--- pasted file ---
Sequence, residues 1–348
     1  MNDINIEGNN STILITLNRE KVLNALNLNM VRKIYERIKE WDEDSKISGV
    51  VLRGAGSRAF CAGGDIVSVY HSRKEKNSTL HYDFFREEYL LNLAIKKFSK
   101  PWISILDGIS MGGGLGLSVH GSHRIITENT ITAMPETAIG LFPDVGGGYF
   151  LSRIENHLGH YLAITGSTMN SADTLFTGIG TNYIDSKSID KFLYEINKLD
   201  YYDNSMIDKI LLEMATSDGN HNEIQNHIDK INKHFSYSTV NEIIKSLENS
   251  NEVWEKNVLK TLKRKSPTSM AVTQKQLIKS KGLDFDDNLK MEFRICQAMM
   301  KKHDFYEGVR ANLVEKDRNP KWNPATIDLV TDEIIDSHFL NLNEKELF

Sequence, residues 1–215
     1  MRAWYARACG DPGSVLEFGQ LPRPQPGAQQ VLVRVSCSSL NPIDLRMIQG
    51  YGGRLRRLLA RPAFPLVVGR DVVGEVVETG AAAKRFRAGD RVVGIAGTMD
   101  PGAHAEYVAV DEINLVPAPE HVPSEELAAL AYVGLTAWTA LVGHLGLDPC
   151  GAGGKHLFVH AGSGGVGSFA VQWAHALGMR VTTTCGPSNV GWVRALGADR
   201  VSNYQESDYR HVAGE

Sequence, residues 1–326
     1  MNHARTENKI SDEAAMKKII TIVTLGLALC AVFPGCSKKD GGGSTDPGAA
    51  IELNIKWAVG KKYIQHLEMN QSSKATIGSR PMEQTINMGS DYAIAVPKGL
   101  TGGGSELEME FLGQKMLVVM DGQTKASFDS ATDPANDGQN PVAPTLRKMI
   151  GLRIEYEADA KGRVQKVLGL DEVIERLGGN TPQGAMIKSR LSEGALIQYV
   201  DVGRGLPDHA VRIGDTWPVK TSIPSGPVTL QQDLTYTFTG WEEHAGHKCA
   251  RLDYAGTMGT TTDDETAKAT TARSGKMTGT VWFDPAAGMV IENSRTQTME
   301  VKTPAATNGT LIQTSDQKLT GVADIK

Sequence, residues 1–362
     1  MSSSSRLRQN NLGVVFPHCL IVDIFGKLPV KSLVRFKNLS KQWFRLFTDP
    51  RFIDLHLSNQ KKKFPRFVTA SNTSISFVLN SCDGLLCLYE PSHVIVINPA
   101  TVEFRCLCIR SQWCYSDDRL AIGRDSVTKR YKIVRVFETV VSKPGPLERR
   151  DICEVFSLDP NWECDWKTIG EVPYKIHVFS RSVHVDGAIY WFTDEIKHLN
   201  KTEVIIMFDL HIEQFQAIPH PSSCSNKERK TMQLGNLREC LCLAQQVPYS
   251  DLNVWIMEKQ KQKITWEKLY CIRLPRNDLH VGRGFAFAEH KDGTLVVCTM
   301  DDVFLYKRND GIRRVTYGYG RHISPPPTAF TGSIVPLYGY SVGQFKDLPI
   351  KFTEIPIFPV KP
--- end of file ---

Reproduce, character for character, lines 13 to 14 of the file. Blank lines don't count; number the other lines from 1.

   151  GAGGKHLFVH AGSGGVGSFA VQWAHALGMR VTTTCGPSNV GWVRALGADR
   201  VSNYQESDYR HVAGE